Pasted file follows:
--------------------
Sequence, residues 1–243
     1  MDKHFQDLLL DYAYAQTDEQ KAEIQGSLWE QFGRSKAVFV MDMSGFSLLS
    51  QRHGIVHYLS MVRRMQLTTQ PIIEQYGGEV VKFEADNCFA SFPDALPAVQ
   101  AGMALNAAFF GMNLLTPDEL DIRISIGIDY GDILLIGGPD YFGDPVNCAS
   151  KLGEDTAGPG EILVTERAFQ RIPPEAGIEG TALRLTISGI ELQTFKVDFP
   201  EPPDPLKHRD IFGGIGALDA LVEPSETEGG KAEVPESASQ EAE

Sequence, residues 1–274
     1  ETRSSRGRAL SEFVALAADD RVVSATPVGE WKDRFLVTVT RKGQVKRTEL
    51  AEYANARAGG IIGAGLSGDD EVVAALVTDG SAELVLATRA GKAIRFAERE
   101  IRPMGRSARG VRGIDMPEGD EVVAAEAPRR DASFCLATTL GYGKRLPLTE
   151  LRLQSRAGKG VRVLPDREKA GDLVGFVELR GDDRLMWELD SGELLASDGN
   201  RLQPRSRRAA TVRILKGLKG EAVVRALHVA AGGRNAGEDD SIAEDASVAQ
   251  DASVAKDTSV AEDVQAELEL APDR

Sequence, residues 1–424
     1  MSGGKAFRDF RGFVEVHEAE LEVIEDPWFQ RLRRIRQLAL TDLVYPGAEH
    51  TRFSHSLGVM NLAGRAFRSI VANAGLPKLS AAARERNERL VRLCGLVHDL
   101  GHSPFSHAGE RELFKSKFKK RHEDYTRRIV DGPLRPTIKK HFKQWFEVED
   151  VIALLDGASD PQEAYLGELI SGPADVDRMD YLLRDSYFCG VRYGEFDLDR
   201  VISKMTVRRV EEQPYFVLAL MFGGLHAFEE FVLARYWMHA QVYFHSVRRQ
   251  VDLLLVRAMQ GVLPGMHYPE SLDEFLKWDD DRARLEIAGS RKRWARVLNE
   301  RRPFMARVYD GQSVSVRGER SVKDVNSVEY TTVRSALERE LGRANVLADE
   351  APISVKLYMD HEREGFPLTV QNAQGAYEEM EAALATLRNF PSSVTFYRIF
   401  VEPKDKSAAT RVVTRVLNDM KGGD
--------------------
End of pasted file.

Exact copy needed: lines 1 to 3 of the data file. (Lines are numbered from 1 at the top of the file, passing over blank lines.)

Sequence, residues 1–243
     1  MDKHFQDLLL DYAYAQTDEQ KAEIQGSLWE QFGRSKAVFV MDMSGFSLLS
    51  QRHGIVHYLS MVRRMQLTTQ PIIEQYGGEV VKFEADNCFA SFPDALPAVQ